Marcin Krasoń, a residential property expert at Obido.pl and Otodom.pl talked to Property Forum about the incoming slowdown in the residential market in Poland, the development of the PRS sector and the effects of rising inflation.
We are currently dealing with an unprecedented number of important factors influencing our residential market. Is it even possible to formulate any long-term forecasts in this situation?
The residential market is always dependent on many factors, but how unpredictable it has been for the past two and a half years is indeed an unprecedented situation. When the pandemic broke out, Poles locked themselves in their homes and it wasn't easy to buy a flat because even some notary offices closed their doors. There was no shortage of voices saying that prices would skyrocket and there were even serious institutions that predicted reductions of 25 or 30 per cent. The lockdown ended after a few months and the residential market caught wind of the situation. Both sales and prices went up.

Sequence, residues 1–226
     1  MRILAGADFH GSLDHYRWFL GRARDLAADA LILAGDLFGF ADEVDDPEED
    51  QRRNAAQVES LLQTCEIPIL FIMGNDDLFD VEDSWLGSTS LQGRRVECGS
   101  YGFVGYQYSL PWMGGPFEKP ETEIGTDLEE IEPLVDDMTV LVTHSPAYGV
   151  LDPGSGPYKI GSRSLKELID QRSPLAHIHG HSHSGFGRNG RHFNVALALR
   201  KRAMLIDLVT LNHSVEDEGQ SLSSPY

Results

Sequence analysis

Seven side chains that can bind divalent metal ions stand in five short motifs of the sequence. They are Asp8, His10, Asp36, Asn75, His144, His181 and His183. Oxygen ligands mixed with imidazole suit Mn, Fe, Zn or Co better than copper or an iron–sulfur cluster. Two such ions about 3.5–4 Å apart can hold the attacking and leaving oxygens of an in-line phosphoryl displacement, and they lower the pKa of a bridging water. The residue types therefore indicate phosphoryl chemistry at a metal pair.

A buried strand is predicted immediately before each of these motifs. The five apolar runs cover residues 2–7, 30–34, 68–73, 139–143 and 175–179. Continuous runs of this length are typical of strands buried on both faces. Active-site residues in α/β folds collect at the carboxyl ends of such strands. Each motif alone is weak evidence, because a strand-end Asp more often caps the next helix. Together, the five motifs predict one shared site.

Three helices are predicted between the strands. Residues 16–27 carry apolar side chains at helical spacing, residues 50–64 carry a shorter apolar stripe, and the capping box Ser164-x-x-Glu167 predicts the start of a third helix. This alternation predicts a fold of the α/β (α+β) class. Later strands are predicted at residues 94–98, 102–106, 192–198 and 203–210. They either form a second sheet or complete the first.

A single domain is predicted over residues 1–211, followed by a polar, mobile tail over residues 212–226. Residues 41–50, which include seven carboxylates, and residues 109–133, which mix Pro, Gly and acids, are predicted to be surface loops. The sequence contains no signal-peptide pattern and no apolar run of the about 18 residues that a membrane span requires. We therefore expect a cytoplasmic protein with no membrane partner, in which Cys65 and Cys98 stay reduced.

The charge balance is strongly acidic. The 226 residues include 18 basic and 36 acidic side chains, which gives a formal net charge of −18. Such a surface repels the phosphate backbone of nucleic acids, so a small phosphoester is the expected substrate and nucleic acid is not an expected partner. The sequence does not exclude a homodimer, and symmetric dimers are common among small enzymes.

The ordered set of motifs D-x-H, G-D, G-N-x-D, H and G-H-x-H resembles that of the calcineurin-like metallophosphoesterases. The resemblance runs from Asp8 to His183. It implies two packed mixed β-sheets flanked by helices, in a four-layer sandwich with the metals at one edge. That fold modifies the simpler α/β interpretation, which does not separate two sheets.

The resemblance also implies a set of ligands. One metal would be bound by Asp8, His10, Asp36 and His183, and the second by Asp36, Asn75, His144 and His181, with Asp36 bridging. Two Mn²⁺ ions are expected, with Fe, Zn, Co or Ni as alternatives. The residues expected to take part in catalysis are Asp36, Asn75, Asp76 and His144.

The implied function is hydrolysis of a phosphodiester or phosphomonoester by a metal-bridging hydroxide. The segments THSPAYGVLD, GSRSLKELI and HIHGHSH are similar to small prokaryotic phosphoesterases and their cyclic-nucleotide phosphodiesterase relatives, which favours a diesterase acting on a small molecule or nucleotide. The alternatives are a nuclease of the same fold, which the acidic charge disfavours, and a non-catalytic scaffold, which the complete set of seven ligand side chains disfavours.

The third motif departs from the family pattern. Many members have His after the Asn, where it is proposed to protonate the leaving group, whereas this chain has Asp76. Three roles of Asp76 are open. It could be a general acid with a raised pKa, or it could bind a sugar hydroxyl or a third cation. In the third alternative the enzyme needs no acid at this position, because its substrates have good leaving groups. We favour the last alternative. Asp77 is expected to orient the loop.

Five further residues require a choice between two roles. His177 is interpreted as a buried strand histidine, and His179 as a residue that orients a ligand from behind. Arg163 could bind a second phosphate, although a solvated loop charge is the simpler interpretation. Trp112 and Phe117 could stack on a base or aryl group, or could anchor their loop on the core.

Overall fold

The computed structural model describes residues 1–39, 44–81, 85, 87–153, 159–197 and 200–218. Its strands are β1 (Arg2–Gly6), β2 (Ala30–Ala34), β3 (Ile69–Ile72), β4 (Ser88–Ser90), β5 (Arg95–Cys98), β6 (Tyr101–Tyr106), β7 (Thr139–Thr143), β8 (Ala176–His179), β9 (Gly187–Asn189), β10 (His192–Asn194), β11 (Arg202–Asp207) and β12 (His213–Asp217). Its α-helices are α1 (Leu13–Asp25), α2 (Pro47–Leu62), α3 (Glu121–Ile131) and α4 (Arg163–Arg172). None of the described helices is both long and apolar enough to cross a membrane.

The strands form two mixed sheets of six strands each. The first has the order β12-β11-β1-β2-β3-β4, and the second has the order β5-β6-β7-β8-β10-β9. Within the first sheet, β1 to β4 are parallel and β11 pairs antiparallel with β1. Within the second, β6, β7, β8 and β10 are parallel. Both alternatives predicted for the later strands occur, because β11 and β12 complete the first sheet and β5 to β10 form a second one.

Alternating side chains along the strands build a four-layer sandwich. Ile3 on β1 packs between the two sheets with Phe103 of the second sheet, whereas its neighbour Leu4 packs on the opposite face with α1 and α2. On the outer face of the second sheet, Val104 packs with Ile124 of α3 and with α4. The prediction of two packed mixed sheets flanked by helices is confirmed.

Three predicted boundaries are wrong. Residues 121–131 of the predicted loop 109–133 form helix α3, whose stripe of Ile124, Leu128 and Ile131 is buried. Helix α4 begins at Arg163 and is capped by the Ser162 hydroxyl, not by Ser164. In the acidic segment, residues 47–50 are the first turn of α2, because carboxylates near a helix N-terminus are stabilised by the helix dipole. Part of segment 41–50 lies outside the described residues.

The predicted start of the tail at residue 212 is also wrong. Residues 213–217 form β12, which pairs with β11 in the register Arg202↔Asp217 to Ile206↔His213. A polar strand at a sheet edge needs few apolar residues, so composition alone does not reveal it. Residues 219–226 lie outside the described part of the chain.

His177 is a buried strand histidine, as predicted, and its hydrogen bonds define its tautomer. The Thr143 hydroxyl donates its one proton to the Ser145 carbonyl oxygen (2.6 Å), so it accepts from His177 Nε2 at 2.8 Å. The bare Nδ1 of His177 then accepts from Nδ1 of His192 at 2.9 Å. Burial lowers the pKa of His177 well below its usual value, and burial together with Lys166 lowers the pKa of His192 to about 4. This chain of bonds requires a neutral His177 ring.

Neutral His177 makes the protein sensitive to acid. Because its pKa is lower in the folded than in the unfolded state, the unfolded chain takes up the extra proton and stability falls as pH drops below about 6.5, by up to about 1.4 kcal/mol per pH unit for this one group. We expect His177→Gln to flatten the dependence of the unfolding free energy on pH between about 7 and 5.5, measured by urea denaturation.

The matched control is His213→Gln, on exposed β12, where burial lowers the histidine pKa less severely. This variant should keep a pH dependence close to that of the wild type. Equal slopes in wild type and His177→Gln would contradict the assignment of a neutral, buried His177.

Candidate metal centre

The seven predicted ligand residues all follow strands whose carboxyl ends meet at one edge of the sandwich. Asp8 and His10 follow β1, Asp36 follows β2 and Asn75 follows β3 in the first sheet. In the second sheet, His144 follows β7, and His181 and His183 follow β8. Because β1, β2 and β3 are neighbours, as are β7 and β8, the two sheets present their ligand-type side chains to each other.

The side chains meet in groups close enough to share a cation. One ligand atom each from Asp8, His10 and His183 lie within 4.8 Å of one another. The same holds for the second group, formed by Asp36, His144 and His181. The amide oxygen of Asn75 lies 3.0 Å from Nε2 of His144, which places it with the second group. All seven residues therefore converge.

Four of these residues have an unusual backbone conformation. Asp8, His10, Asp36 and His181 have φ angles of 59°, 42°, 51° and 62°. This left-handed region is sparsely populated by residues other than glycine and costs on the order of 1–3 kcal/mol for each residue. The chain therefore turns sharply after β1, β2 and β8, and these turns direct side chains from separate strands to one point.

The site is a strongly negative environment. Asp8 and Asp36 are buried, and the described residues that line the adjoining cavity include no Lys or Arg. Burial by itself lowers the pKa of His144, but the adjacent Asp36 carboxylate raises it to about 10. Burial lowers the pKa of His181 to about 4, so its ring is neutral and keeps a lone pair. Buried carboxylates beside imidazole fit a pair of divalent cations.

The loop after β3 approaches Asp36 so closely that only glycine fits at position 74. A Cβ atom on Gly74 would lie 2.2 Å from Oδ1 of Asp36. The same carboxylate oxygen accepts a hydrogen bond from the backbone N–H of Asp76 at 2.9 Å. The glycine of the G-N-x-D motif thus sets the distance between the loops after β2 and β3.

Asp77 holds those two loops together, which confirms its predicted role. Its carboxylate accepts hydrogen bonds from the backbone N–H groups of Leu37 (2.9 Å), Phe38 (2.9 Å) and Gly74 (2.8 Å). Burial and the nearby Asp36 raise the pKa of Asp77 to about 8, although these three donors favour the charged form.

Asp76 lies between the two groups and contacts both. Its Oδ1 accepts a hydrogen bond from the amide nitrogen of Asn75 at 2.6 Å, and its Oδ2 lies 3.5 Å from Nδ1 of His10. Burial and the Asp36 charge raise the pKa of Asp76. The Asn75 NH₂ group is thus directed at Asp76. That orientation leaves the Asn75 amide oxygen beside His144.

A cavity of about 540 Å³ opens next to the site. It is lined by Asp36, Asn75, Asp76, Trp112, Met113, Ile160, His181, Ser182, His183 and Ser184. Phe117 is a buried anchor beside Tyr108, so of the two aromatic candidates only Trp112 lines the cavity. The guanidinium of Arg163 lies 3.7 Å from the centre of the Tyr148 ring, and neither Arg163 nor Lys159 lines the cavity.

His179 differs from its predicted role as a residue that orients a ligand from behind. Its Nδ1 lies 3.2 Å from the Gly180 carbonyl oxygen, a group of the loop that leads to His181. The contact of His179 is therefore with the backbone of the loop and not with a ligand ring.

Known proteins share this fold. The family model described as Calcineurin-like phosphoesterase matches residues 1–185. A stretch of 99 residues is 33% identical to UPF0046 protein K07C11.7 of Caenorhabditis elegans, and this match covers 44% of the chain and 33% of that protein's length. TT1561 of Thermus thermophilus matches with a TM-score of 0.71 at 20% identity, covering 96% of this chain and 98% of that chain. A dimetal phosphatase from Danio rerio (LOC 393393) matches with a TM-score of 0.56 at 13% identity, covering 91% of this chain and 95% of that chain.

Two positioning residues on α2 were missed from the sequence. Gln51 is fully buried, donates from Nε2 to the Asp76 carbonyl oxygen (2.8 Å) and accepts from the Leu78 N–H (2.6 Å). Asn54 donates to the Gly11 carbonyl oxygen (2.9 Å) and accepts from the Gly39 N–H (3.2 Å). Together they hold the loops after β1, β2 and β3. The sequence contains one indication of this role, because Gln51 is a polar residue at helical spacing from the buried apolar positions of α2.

In the spring of 2022, the effects of interest rate rises are felt more strongly - creditworthiness shrinks and some buyers are forced to refrain from buying. As a result, demand for housing is falling. Taking into account the influx of refugees and still high inflation (people are then looking for places to invest their savings), forecasting what will happen to the market next is actually very difficult.
Restriction on the availability of mortgages has caused a slump in demand, even by 30-40 per cent. However, with building materials constantly on the rise and high prices of land for new investments continuing to decline, are developers able to reduce prices at all?
Prices of raw materials in the world have started to fall, but before we feel it in Poland, some water will have to flow in the Vistula, as there is significant inertia at work here. There is no sign of any improvement in the land availability situation; on the contrary, it is getting worse. Attractive plots are valued at exorbitant prices; in this situation, it is difficult to expect that cheap flats will be built on them.
An additional pro-growth factor is an amendment to the Act on the Protection of Rights of Buyers of Residential Units and Single-Family Houses. It imposes a number of obligations on developers, including paying a contribution to the Developer Guarantee Fund.